# Given a spanning set, what is the span of the 'transpose' of the set?

Given $$sp\left \{ \begin{pmatrix} a_1\\ a_2\\ a_3 \end{pmatrix} ,\begin{pmatrix} b_1\\ b_2\\ b_3 \end{pmatrix} ,\begin{pmatrix} c_1\\ c_2\\ c_3 \end{pmatrix} \right \} = \mathbb{R}^3$$

What is $$sp\left \{ \begin{pmatrix} a_1\\ b_1\\ c_1 \end{pmatrix} ,\begin{pmatrix} a_2\\ b_2\\ c_2 \end{pmatrix} ,\begin{pmatrix} a_3\\ b_3\\ c_3 \end{pmatrix} \right \}\subseteq \mathbb{R}^3$$

I'm thinking of row spaces and column spaces but with not much luck, a leading hint would be appreciated more than the final answer.

Hint: The row rank and the column rank of a matrix is the same.

Another solution

Hint: The set of $n$ vectors spans $\mathbb{R}^n$ if and only if the determinant is non-zero.

Hint: The determinant of matrix $A$ is equal to the determinant of matrix $A^t$.

• Could it be solved without speaking of ranks as I believe we haven't learned that yet. – Georgey May 25 '13 at 9:15
• @Georgey That is the most direct way of doing it. You should also easily see that this is equivalent to your other question about the null space of $A$ and $A^t$ having the same dimension. – Calvin Lin May 25 '13 at 9:18
• Yeah and both answered by using ranks which we haven't learned yet so maybe that's why I'm not confident with the answers given... – Georgey May 25 '13 at 9:19
• @Georgey At the very least, do you see why showing that the dimension of the null space are equal is equivalent to showing that the dimension of the range space (span) is equal? – Calvin Lin May 25 '13 at 9:23
• @Georgey Alright, try the other hint. You want to show that the transpose also spans the entire space. – Calvin Lin May 25 '13 at 9:29

You cannot say much about the relation between the two spans, except that they have the same dimension (for instance if one is the whole space, the other must be so as well). One way to see that you cannot expect a strict relation is to change the vectors in a way that certainly leaves their span unchanged, for instance permuting them or adding a multiple of one to another. This modifies the "transposed" vectors in a way that is not guaranteed to leave their span unchanged. To simplify your example, start with two vectors equal to zero.

Now that the question says that the original vectors $\vec a,\vec b,\vec c$ do indeed span the space, let me hint at an argument that the transposed ones do so as well. The vectors $\vec a,\vec b,\vec c$ form a basis of $\Bbb R^3$. Thus the map $\phi:\Bbb R^3\to\Bbb R^3$ that sends $(x,y,z)$ to the linear combination $x\vec a+y\vec b+z\vec c$ is an isomorphism (invertible linear map). If you interpret the transposed vectors as $1\times 3$ matrices $(a_i~b_i~c_i)$ (that is, you undo the transposition) then they describe the linear maps $\Bbb R^3\to\Bbb R$ defined by applying $\phi$ and then taking coordinate$~i$ (for $i=1,2,3$, repectively). Given this, can you argue that any $1\times 3$ matrix must be a linear combination of these three matrices, or equivalently that any linear map $\Bbb R^3\to\Bbb R$must be a linear combination of these three linear maps? (This is certainly true for the three coordinate maps themselves.)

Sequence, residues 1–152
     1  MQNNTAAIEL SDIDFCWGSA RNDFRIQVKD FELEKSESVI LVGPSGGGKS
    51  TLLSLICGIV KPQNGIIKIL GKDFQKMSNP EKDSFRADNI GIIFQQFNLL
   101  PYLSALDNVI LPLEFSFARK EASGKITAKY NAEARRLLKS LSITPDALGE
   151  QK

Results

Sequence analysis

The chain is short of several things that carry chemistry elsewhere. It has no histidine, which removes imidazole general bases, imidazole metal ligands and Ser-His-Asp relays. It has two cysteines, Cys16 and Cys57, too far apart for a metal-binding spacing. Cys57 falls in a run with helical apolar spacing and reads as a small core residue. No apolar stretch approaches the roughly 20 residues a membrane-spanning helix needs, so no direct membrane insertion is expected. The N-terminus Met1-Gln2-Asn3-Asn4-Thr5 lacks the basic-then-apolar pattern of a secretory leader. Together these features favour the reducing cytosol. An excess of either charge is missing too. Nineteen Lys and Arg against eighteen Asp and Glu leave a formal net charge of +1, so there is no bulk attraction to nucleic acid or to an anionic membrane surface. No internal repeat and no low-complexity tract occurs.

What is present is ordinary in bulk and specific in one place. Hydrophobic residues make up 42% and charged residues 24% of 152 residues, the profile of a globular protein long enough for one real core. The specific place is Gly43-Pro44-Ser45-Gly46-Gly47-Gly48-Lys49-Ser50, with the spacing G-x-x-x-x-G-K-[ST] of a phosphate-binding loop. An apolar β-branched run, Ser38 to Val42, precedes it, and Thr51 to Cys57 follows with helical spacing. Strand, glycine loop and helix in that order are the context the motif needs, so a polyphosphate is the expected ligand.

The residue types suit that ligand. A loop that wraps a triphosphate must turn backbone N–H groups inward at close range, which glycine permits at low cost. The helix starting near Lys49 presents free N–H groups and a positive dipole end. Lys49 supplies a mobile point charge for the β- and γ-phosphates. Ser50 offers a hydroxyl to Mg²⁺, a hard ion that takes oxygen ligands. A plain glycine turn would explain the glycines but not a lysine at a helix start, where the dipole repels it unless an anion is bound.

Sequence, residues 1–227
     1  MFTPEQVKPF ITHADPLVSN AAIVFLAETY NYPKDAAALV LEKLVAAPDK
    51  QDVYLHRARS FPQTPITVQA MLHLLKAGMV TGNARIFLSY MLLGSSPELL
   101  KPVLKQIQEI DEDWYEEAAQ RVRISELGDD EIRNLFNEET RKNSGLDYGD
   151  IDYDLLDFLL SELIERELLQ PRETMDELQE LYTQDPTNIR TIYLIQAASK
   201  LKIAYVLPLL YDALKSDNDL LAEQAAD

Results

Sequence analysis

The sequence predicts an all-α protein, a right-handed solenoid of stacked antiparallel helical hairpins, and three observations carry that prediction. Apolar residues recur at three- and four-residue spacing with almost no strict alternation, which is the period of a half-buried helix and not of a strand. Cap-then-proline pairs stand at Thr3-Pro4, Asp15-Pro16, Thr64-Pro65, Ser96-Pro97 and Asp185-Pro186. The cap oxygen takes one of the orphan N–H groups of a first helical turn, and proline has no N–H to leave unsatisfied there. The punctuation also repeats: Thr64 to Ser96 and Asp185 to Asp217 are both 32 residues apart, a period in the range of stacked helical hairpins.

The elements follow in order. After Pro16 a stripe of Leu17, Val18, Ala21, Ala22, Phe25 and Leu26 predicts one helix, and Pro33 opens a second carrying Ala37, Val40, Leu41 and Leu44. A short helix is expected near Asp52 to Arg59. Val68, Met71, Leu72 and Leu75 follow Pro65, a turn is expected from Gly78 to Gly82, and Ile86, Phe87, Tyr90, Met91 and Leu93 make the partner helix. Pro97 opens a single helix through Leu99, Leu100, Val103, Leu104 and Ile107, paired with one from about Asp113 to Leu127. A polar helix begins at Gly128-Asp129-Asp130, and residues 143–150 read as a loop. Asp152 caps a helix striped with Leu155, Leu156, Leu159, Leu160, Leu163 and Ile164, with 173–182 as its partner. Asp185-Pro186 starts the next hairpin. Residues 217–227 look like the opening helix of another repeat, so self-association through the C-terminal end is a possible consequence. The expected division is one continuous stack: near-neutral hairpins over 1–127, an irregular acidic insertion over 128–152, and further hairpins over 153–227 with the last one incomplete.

• I got the subset and equal symbols messed up, I believe that now it says much more... – Georgey May 25 '13 at 9:25
• Ok so the $det$ of the matrix of the first set is non-zero for sure, meaning that the $det$ of the matrix of the second set is non zero for sure. Thus (1) if the system is homogeneous then it has the trivial solution, (2) if the system is non-homogeneous than it has a unique solution. Thus the second set spans $\mathbb{R}^3$, $\blacksquare$. How's this proof? – Georgey May 25 '13 at 9:56
• If you are willing to use $\det$ (which I tried to avoid) then your first sentence should suffice. I don't see the point of considering systems (I don't see any) and certainly not non-homogeneous ones. Just leave out the second sentence and you're fine. – Marc van Leeuwen May 25 '13 at 10:16
• I tried to think of your way of solution but since I don't really know much about the coordinates system. All I know about it is the if $V$ is a space over $F$ and $B$ is a set of vectors which is an arranged basis of $V$ than there's a unique presentation of any $v \in V$ as a linear combination of $B$ elements. Is that enough to use your proof direction? – Georgey May 25 '13 at 10:23
• I supposed that you knew the definition of dimension, which implies that if $d$ vectors span a space of dimension $d$ then they are linearly independent (and therefore a basis). The problem is to show that if $3$ original vectors span $\Bbb R^3$ then the three transposed vectors also span $\Bbb R^3$; this is true but not obvious. – Marc van Leeuwen May 25 '13 at 17:03